Boston area Puerto Ricans join historic campaign

On Friday, May 2, nine local leaders from the Boston area will be honored for donating their oral histories and/or papers to the Center for Puerto Rican Studies (Centro) in New York City. They are: Felix D. Arroyo, Jovita Fontanez, Miguel Fuentes, Dr. Ernesto González, José Massó, Tony Molina, Felita Oyola, Jaime Rodríguez and Maria Sánchez.

With their contribution, they will join the other accomplished men, women and organizations from cities across the nation that are being acknowledged for their contributions to the 100 Puerto Ricans Preserving Our History campaign.


The campaign was launched by Centro, which is based at Hunter College of the City University of New York, to increase the number and breadth of the collections held in this venerable research institute’s renowned Centro Archives, the only repository in the world that holds works dedicated solely to the Puerto Rican experience in this country.

Centro’s archival collections include items such as personal and business papers; government, organizational, business and personal records; videos, oral histories, photos, graphics; and other types of records and memorabilia. The Centro Archives comprises donations of more than 5,000 cubic feet of documents, 40,000 images and hundreds of oral histories and videos.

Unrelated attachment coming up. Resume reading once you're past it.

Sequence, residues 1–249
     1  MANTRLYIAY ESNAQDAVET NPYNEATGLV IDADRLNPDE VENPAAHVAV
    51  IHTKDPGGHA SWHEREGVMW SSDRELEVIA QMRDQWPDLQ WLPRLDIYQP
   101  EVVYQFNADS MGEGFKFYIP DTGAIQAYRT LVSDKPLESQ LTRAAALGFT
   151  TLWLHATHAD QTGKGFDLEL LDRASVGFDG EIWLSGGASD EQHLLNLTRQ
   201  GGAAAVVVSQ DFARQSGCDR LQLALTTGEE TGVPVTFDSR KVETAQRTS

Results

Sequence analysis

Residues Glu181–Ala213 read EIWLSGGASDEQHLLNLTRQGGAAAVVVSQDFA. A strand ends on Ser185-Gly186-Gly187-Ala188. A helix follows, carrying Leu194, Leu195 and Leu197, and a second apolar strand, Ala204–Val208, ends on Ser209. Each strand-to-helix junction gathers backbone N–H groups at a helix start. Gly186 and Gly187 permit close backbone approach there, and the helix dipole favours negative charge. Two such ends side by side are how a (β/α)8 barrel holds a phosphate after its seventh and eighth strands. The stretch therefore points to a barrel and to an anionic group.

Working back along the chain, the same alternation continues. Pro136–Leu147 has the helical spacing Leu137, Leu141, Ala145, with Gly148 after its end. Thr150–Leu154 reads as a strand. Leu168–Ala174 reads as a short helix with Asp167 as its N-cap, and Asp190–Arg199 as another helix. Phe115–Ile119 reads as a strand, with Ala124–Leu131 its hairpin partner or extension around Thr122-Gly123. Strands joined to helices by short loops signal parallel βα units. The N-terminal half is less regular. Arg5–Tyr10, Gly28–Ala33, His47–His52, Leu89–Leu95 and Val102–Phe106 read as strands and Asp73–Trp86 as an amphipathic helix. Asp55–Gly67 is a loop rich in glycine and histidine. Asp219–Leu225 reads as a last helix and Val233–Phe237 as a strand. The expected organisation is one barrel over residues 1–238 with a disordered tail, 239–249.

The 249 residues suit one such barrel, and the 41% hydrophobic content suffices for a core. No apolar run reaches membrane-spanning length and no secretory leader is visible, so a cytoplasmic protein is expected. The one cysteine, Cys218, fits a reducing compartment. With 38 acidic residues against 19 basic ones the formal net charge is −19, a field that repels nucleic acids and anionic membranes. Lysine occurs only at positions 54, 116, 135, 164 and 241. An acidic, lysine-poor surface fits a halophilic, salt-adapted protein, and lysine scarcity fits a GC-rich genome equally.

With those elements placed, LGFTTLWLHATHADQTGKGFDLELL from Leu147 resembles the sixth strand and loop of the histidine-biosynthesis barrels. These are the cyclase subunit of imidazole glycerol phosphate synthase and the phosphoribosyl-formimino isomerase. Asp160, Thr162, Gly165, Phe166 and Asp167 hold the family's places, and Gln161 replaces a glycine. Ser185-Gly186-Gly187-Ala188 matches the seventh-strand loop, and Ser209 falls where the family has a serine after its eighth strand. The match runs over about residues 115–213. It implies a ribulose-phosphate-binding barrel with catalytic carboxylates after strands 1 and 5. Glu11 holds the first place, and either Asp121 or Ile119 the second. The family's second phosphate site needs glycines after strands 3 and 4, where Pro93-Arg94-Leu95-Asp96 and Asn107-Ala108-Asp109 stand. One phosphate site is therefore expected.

This event has been organized in collaboration with IBA – Inquilinos Boricuas en Acción, and it is the second of its kind in Massachusetts. Centro previously honored seven Worcester area leaders at a reception in that city.


The leaders from the Boston area will add their stories and help preserve the  history and heritage of Puerto Ricans living in that U.S. for  generations to come:

  • Felix D. Arroyo was a city councilor (at large) in Boston. He also served on the Boston School Committee, becoming the first Latino to run citywide. He founded the Latino Democratic Committee, the first statewide Latino political organization in Massachusetts. He also served as the Latin American Affairs Director for U.S. Senator John Kerry and served in Mayor Raymond L. Flynn’s cabinet. He is a candidate at Register of Probate and Family Court.